Professor Thierry Magin, laureate of a Jean d'Alembert Chair from the University of Paris-Saclay

Thierry MaginThe LPP (Laboratoire de Physique des Plasmas) is hosting Thierry Magin, professor at the von Karman Institute for Fluid Dynamics (Brussels, Belgium), laureate of a Jean d’Alembert Chair from the University of Paris-Saclay.

During two research stays of 3-month duration planned in 2018 and 2019, Dr. Magin will work on the development of advanced multi-component FLUid models for Plasma flows based on Kinetic theory and applied to Electric propulsion (FLUPKE project).

Two major technological challenges in electric propulsion are the presence of 3D instabilities appearing in a thruster engine, as well as the contamination of a satellite owing to the plume exiting a thruster. The multidisciplinary nature of these challenges makes it an ideal problem to be solved in collaboration with engineers, physicists and applied mathematicians from several complementary research teams of the LPP, CMAP, and LMO laboratories. The objective is to derive, based on kinetic theory, accurate fluid models for electric propulsion thrusters. Such complex multi-physics systems require a rigorous multi-scale and multi-parameter asymptotic solution method to fix many ad-hoc terms present in the heuristic fluid models currently used by the industry. In turn, the innovative models developed will be integrated into numerical tools to achieve predictive simulations. They will represent an alternative solution computationally cheaper than more conventional particle-based tools; this property is expected to allow us address the instability and contamination technological challenges. The ANR Industrial Chair POSEIDON will ease the transfer to industry of the results obtained in the FLUPKE project.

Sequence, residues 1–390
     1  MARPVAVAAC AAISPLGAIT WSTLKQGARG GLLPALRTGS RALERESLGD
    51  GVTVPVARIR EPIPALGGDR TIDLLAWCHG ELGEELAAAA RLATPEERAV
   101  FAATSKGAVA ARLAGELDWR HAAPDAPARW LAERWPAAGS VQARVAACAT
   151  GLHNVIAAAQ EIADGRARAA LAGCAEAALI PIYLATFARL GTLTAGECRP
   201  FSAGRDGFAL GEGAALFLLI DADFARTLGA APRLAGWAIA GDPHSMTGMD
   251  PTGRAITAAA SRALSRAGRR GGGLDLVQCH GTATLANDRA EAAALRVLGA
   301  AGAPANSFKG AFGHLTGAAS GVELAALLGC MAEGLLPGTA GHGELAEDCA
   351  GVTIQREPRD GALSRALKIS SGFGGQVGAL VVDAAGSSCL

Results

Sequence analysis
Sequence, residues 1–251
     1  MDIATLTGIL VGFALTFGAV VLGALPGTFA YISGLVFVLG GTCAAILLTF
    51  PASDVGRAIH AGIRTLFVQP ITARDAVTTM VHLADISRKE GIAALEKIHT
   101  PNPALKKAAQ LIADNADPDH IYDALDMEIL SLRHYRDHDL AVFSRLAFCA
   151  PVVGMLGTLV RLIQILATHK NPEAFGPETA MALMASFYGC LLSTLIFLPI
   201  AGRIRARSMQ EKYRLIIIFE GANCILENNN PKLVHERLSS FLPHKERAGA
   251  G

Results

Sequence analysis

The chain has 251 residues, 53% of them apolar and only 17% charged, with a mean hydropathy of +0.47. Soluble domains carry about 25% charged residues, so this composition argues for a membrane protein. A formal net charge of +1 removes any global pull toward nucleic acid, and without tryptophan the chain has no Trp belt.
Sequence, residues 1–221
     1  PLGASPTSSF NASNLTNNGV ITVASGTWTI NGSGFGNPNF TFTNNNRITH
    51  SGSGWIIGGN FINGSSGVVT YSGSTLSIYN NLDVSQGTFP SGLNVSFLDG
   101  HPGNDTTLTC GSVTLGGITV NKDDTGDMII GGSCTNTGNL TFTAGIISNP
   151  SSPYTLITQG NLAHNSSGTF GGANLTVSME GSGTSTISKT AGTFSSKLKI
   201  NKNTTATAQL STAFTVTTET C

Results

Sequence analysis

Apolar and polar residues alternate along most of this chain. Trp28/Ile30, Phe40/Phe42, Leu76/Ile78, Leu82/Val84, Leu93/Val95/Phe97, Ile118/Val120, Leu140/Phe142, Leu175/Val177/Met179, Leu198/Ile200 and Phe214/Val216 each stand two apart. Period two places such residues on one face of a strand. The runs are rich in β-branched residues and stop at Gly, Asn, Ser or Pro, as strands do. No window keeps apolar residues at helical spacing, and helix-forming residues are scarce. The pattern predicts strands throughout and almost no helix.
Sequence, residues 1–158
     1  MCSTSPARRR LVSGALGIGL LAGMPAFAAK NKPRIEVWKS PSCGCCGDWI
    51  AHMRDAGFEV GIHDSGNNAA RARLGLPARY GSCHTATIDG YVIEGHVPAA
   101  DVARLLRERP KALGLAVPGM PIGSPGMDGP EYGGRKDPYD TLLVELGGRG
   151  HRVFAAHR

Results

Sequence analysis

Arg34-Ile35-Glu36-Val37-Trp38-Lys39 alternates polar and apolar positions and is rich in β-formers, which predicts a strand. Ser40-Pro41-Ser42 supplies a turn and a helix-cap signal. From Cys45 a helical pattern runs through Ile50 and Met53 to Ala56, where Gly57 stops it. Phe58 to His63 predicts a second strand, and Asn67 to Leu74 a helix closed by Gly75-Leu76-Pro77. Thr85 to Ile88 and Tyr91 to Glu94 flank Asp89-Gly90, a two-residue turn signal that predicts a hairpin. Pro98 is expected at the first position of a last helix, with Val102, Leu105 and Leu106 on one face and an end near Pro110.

The transport of mass, momentum and energy in plasmas depends on averaged cross-sections calculated from intermolecular potentials that describe the collision between two particles, or from direct cross-section measurements. The correct description of the interaction is unlike an intuitive interpretation in Flupke’s game where marbles hit each other with an infinite repulsion (hard sphere potential model).

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